Full disclosure: Though I was raised Methodist, I am an atheist. My opinions about religion in general and Christianity in specific are those of a former believer and current outsider.
That said, this isn't about religion, but about a problem in fiction.
Having been born in '78, my ideas about the most iconic of superheroes were formed in the 80s, with the Super Friends. Flight, heat and x-ray vision, super strength and speed, this was all a part of the basic framework of Superman to me. That and constantly taking battles out of the city in order to avoid collateral damage and people caught in the crossfire.
Some of you already have a clue as to where I'm going with this.
Before we go there, let's go back farther, to the origins of Superman, back to a time when jumping over a tall building was still impressive of Superman. He couldn't fly. The exclamations of jumping over that tall building, being faster than that speeding bullet, and being stronger than that locomotive weren't just exclamations. In a way, they were the limits of his super power.
And, Superman, himself, wasn't just less powerful. He was less worshipped. This wasn't a perfect man and the icon to which all superheroes should kneel. He was an immigrant orphan, raised by American farmers, who wanted to make his home a better place using what he took with him from his place of origin. It's now a joke, but Superman is an immigrant and when he fights for Truth, Justice, and The American Way... that American way is the fact that he was not born of us, but he is one of us.
At least that was the way it was in the beginning. As I said, my first exposure to Superman was in cartoons in the 80s. By that time, he was the first among superheroes and the good guy by definition.
Now, in that time, good guy by definition meant that he would never do the bad guy things. He wouldn't steal. He wouldn't kill. He would save the life of his enemy, because standing by and letting even an enemy die would be the same as killing them oneself.
But, by this time, we're also getting the first set of movies, with Christopher Reeves and with Marlon Brando playing Jorell. "They can be a good people, they wish to be. They only need a light to shine the way." We're into Jesus Mode, now. And, this is a problem.
The problem is that Superman's goodness, up until very recently, hadn't come from his Kryptonian heritage. It wasn't an inborn instinct of just being such a great guy. It was John and Martha Kent that raised young Clark to care about people, about the law, about empathy, and never to respond to a question of letting people die with a "maybe".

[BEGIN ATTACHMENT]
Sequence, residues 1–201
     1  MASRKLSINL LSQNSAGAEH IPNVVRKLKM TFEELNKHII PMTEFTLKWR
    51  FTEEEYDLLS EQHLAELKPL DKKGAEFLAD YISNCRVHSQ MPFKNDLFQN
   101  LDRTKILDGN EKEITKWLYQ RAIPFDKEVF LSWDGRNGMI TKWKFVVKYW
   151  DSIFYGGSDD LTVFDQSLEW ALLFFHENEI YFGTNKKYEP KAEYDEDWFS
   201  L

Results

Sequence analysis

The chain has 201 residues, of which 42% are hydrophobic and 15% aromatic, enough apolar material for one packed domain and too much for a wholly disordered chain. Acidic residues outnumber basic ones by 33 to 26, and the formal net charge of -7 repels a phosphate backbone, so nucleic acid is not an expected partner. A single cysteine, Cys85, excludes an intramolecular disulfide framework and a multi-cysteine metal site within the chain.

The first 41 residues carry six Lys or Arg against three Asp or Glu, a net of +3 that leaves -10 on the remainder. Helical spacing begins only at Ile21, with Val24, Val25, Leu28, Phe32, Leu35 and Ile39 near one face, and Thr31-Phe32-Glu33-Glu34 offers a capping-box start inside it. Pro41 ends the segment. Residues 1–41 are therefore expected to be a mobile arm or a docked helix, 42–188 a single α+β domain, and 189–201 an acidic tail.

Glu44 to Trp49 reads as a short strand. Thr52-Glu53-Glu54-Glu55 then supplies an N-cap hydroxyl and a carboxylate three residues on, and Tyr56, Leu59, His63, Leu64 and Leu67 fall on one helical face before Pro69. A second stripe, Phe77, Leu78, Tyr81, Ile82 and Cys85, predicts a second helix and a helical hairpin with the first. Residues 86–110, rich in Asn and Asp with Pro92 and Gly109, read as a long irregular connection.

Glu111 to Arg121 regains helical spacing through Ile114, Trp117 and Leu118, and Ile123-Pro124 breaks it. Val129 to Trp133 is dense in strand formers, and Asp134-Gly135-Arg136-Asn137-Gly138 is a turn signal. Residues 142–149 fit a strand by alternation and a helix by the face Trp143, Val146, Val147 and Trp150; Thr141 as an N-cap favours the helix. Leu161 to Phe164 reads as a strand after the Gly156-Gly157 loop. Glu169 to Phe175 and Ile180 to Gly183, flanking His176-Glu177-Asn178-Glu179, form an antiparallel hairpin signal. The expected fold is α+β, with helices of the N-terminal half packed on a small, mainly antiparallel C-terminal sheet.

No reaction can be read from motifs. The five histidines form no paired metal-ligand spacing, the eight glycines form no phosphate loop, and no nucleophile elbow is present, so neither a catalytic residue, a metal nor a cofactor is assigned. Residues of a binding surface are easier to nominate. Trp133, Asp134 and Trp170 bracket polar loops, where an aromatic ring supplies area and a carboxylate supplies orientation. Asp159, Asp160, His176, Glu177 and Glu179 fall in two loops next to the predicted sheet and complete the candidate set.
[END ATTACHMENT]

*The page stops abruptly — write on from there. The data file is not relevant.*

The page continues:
This all becomes setup for two movies, Superman Returns and Man of Steel. Both of these movies present a superman that shouldn't be given the credit that the writers give him. In Superman Returns, Superman does return (let's give the movie credit for fulfilling the title's promise), and instantly starts to harassing Lois Lane into carrying back with a relationship that he had abandoned. Oh, and he's framed as being loving and caring for having no relationship at all with his biological offspring, who is being raised by, arguably, a much better man than he is for being there to raise said child.
Man of Steel has deliberate property damage and petty, truck-wrecking revenge. Again, this is framed as stuff the good guy does. Heck, the neck-snapping is less objectionable.
That is the Jesus Problem. And, you can see it in modern depictions of Jesus, too. For a big example, check out Fred Clark's deconstruction of Left Behind. http://www.patheos.com/blogs/slacktivist/tag/left-behind/
The Jesus Problem is that once you identify a character as inherently the good guy, the relation of actions to good guy changes. The thing a good guy needs in order to be a good guy, as it should normally be, is to do the good thing. That, by the way, is a tall order. The good thing isn't easy even with the full range of Kryptonian super powers.
But, the Jesus Problem takes that normal relation and reverses it. The actions are good because the good guy is doing them. Superman is a good example. So is Jack Bower. And, for an amazingly blatant example, look for the unaired Wonder Woman pilot.
Moral perfection is a moral hazard.